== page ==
Affiliations: [a] ARC Training Centre for Innovative Horticultural Products, Tasmanian Institute of Agriculture, University of Tasmania, Launceston, Australia
| [b] Centre for Food Innovation, University of Tasmania, Launceston, Australia
Corresponding author: Nha K. Huynh, ARC Training Centre for Innovative Horticultural Products, Tasmanian Institute of Agriculture, University of Tasmania, Launceston, Australia. E-mail: [email protected].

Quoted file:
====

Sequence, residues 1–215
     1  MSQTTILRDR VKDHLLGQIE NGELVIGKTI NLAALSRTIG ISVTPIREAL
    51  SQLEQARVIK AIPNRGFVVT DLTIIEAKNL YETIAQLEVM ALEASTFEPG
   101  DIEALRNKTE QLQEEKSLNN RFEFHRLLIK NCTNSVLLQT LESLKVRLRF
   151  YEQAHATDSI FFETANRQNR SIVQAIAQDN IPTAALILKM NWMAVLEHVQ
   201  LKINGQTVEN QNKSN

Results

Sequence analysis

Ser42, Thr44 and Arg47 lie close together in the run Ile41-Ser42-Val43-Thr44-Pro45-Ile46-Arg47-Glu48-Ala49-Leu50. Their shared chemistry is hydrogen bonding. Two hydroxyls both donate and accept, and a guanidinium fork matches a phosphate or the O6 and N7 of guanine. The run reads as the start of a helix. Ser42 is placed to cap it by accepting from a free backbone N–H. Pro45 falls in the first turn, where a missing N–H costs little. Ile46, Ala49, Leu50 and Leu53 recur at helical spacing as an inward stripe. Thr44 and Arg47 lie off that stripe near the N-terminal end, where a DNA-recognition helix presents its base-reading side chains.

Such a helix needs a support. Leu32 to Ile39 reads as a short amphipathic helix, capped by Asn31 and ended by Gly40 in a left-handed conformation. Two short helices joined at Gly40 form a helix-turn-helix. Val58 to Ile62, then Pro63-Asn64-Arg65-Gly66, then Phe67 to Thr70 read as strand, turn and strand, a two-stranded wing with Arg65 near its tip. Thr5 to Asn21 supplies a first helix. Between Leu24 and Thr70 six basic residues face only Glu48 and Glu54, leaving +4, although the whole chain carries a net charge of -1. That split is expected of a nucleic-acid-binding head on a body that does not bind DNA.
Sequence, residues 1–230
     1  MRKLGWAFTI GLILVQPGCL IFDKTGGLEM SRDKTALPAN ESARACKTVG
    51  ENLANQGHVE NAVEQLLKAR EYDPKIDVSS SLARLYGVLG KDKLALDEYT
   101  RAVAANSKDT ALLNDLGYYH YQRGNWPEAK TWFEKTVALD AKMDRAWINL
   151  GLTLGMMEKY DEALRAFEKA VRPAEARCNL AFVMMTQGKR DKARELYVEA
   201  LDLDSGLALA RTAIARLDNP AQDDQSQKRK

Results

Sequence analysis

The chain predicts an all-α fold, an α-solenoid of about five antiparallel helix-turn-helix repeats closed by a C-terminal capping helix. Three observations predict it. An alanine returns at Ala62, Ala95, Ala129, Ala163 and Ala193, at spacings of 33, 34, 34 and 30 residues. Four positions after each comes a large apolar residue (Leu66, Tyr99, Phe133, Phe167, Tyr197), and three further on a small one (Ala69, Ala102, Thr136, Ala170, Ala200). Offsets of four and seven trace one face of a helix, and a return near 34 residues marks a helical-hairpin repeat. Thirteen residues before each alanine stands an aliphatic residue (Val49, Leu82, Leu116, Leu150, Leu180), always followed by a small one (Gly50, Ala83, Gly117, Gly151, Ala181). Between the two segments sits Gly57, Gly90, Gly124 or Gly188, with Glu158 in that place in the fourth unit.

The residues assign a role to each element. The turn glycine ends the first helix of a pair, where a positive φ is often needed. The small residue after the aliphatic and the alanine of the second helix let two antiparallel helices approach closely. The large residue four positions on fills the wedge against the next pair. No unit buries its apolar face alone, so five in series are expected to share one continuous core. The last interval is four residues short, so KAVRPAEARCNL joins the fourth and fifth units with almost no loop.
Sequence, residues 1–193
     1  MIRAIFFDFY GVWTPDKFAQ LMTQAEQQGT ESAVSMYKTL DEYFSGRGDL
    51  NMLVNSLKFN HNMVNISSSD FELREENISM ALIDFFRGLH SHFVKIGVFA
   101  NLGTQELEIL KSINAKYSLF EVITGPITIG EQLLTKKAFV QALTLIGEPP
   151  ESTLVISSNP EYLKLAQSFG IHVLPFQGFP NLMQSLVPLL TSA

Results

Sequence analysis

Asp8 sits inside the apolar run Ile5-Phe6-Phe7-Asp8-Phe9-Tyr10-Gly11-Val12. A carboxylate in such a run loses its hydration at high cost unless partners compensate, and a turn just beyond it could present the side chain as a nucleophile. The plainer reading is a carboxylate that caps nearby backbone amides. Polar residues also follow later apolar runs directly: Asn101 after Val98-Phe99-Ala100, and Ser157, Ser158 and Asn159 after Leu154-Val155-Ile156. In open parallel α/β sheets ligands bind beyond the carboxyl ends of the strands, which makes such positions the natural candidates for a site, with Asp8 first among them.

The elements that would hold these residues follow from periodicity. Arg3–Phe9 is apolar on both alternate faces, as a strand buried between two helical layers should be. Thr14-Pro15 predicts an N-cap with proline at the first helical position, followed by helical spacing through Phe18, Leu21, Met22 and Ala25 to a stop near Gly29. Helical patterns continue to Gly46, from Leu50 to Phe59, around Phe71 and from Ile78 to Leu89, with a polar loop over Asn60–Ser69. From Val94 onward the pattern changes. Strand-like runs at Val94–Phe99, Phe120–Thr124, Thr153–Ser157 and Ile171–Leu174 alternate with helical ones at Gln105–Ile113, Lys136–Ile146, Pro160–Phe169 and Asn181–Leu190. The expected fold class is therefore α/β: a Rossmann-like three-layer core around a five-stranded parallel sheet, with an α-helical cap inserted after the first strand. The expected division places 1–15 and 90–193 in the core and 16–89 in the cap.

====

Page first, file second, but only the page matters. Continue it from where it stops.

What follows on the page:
Abstract: Fresh blueberries, raspberries and blackberries are gaining popularity for their pleasant flavour and health benefits. However, their fresh supply, and the potential for market growth, are still limited by their short shelf life and seasonality. High respiration rates, delicate structures and high susceptibility to fungal decay are the main factors limiting the storability of these berry types. Current industrial practice for a longer shelf life relies heavily on cold chain and high humidity storage conditions. This typically results in a shelf life of 2–4 weeks for blueberries, and 2–5 days for raspberries and blackberries. This review discusses novel postharvest technologies from physico-chemical treatments (heat treatments, UV and edible coatings) to packaging-based solutions to improve the preservation of the freshness of blueberries, raspberries and blackberries through the supply chain. Sanitisation plays a crucial role in preventing fungal growth, while innovative packaging solutions act as complementary treatments to maintain quality attributes. The development and application of such technology combinations will increase berry shelf life, helping to satisfy the increasing global demand for these fresh berry products and improve consumer satisfaction.